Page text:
Right after the American Civil War, Emerson advised an aspiring poet who was then a student at a small liberal arts college to “remember that marble is nothing but crystallized limestone… [and] some writers never get out of the limestone condition. Do your own quarrying.” Because we can’t study everything in the course catalog that may interest us while we are young, the unfulfilled portion of our campus days should not leave us empty-handed. Rather, a liberal arts degree gives each of us a chisel to tap against the stone.
The late Donald C. Peckham, who held the Hayward Professorship in Physics, greeted me one day last year with a twinkled expression and the gentlest words of admonition: “I noticed that you never took a physics course from me.” I had the wit to say what I believed to be my best defense: “But Dr. Peckham, I knew who you were, I knew your students, and through them I gained an appreciation of your science.”
At first he wasn’t convinced by a history major’s diplomatic but hot-footed retreat. Then I reported that I had read over the years, if only occasionally, Stephen Hawking, Freeman Dyson, and Richard Feynman. I confessed that I could not do the math of physics, but could understand the general concepts and even explain the difference (and similarity) between cosmology and quantum mechanics.
My dilettante’s curiosity about thinkers in science originated from professors such as Don Peckham, teachers who never taught me, but whose reputations inspired me to learn, nevertheless. I also failed to take classes in art history, economics or psychology. But I can name today the great teachers on campus in those days, the masters who were covering such areas with power and good effect; I can even recall some of the titles assigned their classes, from bookstore browsing or thumbing the pages of texts belonging to my friends.
Another commencement has passed at St. Lawrence, now over 150 of them. We send our graduates into every field imaginable; they are as ambitious, well prepared and socially grounded as any generation of Laurentians could ever claim. What their diplomas do not mention, and what they have not yet realized, is the time-released benefit of the liberal arts atmosphere that permits a keen awareness of subjects they never formally touched as students. This point is terribly neglected in most public discussions about the efficacy, cost and rewards of a liberal arts education. It is hard to demonstrate it as a “measurable outcome” or in a closed system of “metrics.” And yet, even without cold facts, it’s a solid truth.
John O’Shea’74 stopped by campus this spring. To say that John is a government scientist would be like remembering Mickey Mantle for merchandizing leather goods and forest products in the Bronx. Dr. O’Shea directs a lab at the National Institutes of Health with more than 100 Ph.D. and M.D. scientists doing world-class research on diseases that do not yet have names. In constant demand to present his work at conferences and medical schools all over the world, he spent time with our students in biology and chemistry classes, visited professors in their offices and labs, and delivered a public lecture based on mysterious medical cases. These particular case histories led to an understanding, at least a partial one, of what goes wrong, and why, in complex human cells governed by molecular signals, switches and paths.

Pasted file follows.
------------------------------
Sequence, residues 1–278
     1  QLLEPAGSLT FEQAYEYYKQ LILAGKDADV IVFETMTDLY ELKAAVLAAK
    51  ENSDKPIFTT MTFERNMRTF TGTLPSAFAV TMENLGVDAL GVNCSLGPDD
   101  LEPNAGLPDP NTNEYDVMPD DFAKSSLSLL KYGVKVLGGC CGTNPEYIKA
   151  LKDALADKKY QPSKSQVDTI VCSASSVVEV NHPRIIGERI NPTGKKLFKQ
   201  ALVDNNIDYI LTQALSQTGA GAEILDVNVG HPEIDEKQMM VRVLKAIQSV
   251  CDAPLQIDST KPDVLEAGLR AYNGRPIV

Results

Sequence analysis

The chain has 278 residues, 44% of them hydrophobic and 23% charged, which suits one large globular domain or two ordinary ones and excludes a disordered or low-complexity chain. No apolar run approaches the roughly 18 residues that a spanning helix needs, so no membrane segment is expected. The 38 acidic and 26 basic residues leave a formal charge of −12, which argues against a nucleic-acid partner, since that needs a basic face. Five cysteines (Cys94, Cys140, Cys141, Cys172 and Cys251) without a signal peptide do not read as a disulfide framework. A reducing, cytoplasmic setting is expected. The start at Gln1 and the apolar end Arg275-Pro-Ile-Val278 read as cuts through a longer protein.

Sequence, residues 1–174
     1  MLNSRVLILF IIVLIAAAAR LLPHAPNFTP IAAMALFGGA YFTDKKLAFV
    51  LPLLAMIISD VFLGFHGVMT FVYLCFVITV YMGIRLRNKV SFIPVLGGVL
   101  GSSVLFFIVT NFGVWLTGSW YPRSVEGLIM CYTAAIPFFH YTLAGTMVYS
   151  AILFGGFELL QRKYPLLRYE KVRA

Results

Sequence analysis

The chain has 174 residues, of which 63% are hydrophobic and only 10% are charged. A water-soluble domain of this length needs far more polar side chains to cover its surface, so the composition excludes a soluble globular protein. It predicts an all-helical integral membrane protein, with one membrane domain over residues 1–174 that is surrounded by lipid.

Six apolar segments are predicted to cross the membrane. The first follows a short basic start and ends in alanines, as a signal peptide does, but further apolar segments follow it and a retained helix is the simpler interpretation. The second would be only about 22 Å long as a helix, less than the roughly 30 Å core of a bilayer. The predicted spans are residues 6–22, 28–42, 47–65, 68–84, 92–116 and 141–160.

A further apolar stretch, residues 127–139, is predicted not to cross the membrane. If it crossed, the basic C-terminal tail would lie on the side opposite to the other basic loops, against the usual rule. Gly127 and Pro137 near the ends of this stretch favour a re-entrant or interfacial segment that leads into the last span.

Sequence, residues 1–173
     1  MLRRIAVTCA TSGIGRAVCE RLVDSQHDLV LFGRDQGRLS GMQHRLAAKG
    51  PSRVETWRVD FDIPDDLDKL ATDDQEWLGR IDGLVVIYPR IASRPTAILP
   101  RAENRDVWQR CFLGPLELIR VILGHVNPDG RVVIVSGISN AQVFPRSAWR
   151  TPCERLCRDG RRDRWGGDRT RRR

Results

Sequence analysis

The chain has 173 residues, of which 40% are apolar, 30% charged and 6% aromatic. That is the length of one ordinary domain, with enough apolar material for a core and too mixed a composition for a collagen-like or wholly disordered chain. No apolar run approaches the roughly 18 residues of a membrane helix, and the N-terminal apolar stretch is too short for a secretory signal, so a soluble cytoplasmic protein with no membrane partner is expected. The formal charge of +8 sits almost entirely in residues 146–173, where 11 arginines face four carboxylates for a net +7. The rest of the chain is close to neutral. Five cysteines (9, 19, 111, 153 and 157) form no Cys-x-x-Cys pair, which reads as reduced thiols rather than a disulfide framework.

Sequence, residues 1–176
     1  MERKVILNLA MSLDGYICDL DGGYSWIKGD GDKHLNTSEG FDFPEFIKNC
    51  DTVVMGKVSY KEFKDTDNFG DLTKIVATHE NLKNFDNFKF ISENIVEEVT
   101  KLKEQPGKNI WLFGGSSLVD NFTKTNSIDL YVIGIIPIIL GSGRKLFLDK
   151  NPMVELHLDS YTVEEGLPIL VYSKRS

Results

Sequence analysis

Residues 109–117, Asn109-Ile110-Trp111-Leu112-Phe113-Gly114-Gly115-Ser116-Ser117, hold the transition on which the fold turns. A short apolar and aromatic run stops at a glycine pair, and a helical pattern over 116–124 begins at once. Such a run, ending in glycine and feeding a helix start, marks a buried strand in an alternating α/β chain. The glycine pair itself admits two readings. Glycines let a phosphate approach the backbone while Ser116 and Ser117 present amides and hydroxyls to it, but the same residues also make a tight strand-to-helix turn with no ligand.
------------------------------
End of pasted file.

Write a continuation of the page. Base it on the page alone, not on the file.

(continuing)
The conclusion of his talk, however, took a surprising turn. John said, “To be a great, hard-core scientist, you need to be much more than just good in biology.” He then recounted the life-changing contact he had with two St. Lawrence professors outside his major.
John took Dan O’Connor’s famous year-long course on the Bible. He still remembers the experience as being “extremely intimidating, but when you were with O’Connor, you knew you were in the presence of a major intellectual force.” The NIH scientist remembers his first dramatic encounter with a scholar this way: “From him, I learned what it meant to be an absolute expert and have complete command of a subject.”
Dr. O’Shea’s other formative example was a painting class with Guy Berard, who “taught me what it meant to create something, how to really conceptualize a project.” He explained, “During Berard’s course, I went to a big Cezanne exhibit and looked at how Cezanne tackled the problem of painting Mount St. Victoir over and over during his career. Berard’s discussion drove home how one could approach a problem from many perspectives, which can change over time. I tell this story to my trainees, as it’s a lot like scientific research—you keep coming back to the same problem with increasing sophistication and fresh insights.”
When St. Lawrence professors don their academic regalia and assemble for Commencement, there is a protocol that is different from that at large universities. They line up according to seniority, not in clusters formed by schools, disciplines or departments. A chemist stands next to a linguist; a philosopher is beside a musician. As they watch their students graduate, everyone in that academic chorus is simply a teacher; no one is specifically a historian, a mathematician or a sociologist. The scene is a living palindrome—everyone a teacher, a teacher of everyone.